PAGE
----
DOBSON — Hot furnaces, crucible ladles, melting iron and molds are not the everyday tools of artists, which is why a special metallurgy workshop was held this week at Surry Community College in Dobson led by Phillip Harrison.
Harrison is a metallurgist who owns and operates Penumbra Design Studio in Winston-Salem, a studio that has installed sculptures and led lectures and demonstrations of fine art and architectural sculpture across the United States, France and Great Britain. Metallurgy is the science that deals with the procedures used in extracting metals from their ores, purifying and alloying metals, and creating useful objects from metals. Harrison is also a versatile blacksmith, Timber Frame builder and is constructing his own airplane.
The Sculpture Intensive started on Wednesday and continued until Thursday. Harrison’s mobile cupola was located in the parking lot outside of the Ceramics Studio, which is located in the E building on the Dobson campus. A mobile cupola is basically a traveling furnace in which metal is melted and then poured directly into a crucible ladle or a bowl with a handle for pouring hot metal, according to Richard Montgomery, Associate of Fine Arts coordinator at SCC.
“The metal is carried to molds and poured in while it is molten hot. Ductile Iron will be the metal that Mr. Harrison will be melting and pouring,” Montgomery said. “Some students at SCC have made wax images that are being invested in an industrial grade mold material. This forms a ‘crust’ around the wax. When these molds dry, the wax is melted and evaporated, leaving a vacant space where the wax positive once was.”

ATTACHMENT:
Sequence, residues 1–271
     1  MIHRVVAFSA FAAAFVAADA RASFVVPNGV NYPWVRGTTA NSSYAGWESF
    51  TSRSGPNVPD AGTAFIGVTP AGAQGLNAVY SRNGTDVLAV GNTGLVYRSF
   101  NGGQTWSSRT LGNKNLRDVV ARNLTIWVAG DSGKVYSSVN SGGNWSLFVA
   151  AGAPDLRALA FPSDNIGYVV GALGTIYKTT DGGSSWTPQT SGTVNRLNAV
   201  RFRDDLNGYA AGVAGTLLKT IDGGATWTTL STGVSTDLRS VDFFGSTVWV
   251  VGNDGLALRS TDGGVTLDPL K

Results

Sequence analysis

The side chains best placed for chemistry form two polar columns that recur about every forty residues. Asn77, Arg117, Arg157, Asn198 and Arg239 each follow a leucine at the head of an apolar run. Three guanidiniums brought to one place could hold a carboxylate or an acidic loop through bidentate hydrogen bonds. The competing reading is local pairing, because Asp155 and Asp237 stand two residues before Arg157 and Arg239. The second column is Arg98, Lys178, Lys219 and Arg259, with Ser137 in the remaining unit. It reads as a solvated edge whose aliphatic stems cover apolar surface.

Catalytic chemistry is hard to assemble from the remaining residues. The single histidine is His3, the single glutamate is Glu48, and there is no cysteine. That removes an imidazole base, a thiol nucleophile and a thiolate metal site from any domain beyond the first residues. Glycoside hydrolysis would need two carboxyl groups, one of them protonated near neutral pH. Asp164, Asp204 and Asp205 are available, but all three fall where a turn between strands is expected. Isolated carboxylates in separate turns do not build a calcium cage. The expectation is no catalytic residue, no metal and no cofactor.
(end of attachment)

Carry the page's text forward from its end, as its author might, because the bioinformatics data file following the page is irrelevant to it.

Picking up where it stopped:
Montgomery said the molds will be fired in a kiln up to around 1,500 degrees to harden them. Then, they will be set into a sand pit, and someone will pour the molten metal out of the ladle into the molds. Students also prepared a mixture of sand, resin and a binder to pour around their creations in preparation for their bath in molten iron.
“Once cooled, the investment mold is broken away to reveal the metal object. The process is called the lost wax method. This is the type of casting that is done by artists and industrial parts manufacturers. Of course, what we will be doing will be on a smaller scale than industry. Another type of mold called a sand mold will be available for participants to carve directly into in order to create a relief. So, basically we will be operating a hot furnace, melting iron, pouring it into molds, and then breaking open the molds to reveal the art objects that participants create.”
Safety measures will be taken to ensure a safe pour, and the event is open to the public. Molds are limited on a first-come, first-serve basis. The event was organized by SCC’s Cultural Events sub-committee and sponsored by the Diversity Committee.
“I’d asked (Harrison) if we could do some small, three dimensional freestanding pieces so he brought in an industrial casting mix so we can give students a better understanding of the process,” added Montgomery. He said the extracurricular activity is an opportunity for students to add another creative technique to their repertoire.
“Phillip (Harrison) volunteered 20 hours extra to help students with this project,” added Montgomery. “Student interest in this has run high and we worked Wednesday night until 10 p.m. to get ready.”